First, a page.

This volume, based on both European and Ottoman sources, investigates the commercial, military and diplomatic relations between the Dutch and the English in the Levant from the early seventeenth to the early nineteenth century. On the one hand there was a more or less constant commercial rivalry and there were moments of outright military hostility between the two powers. On the other a common life in the Near East led to a form of solidarity which transcended the political situation in the home countries. The role of the local population of the Levant, of Ottoman officials, and of the Greeks, Armenians and other eastern Christians who intervened both as merchants and as embassy dragomans or interpreters, was often decisive in influencing the dealings between the Dutch and English residents. The nine papers examine these different aspects of a relationship which has never before been studied in a Levantine context.
Alastair Hamilton is the Dr. C. Louise Thijssen-Schoute Professor of the History of Ideas at Leiden University. His publications include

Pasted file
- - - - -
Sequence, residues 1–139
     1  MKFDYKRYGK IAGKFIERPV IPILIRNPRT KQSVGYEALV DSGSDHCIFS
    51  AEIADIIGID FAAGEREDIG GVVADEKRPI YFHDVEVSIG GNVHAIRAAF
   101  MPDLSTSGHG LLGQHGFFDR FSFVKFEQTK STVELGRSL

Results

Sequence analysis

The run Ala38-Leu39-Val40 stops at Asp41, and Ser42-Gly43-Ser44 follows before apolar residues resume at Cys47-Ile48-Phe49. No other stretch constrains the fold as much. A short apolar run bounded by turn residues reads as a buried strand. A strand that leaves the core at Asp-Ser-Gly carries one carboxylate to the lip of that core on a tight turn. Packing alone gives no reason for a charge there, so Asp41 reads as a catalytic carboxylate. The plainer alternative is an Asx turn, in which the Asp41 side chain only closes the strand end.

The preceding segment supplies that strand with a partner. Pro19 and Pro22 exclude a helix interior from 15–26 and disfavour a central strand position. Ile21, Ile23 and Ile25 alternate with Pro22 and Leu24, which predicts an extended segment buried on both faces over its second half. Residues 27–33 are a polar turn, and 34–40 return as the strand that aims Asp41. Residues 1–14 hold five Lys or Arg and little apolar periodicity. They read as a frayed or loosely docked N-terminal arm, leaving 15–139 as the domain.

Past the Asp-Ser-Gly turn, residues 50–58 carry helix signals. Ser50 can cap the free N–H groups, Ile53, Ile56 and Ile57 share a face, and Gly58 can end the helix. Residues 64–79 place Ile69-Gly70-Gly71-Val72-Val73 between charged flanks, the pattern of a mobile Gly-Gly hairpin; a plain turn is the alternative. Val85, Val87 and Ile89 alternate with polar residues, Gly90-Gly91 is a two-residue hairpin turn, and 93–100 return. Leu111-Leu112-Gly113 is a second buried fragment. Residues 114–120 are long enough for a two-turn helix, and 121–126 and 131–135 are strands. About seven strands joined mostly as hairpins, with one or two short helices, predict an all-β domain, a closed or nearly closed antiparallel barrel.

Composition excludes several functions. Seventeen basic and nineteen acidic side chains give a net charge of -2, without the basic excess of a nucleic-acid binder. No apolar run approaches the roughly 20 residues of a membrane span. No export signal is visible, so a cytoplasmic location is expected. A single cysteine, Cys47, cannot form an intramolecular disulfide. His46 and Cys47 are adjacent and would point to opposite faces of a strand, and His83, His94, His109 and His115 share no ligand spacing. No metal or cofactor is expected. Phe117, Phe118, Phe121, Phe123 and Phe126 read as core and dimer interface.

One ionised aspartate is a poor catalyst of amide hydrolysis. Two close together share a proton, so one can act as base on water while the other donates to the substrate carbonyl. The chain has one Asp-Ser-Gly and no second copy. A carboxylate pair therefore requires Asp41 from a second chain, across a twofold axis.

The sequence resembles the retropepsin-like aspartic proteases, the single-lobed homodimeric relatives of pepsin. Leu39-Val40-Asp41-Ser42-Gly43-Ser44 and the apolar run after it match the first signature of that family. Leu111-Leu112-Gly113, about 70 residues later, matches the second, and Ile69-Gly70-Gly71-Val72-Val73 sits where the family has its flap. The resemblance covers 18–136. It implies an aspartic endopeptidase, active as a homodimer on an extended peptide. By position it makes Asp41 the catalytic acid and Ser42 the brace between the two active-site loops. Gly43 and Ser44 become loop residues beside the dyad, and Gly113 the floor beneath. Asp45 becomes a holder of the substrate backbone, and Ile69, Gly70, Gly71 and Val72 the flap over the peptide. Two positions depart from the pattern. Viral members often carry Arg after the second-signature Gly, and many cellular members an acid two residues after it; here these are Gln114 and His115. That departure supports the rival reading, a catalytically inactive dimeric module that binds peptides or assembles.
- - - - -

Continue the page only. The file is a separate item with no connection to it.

William Bedwell the Arabist 1563-1632 (Brill, 1985) and
Europe and the Arab World (Azimuth-OUP, 1994).
Alexander H. de Groot is Reader in Islamic Institutions at Leiden University. His publications include
The Ottoman Empire and the Dutch Republic: A History of the Earliest Relations, 1610-1630 (Nederlands Historisch-Archaeologisch Instituut, 1978).
Maurits H. van den Boogert is completing his dissertation at Leiden University on Ottoman dragomans under European protection in eighteenth-century Aleppo.
...an interesting set of case studies amied primarily at an audience of scholars of the Middle East and Europe.' Palmira Brummett,
MESA Bulletin, 2001.
Those interested in Anglo-Dutch relations, the Anglo-Dutch wars, Ottoman dealings with Europe in the early modern period, the role of local dragomans or interpreters in European embassies in the Levant, trade in the Levant and the economic history of Izmir.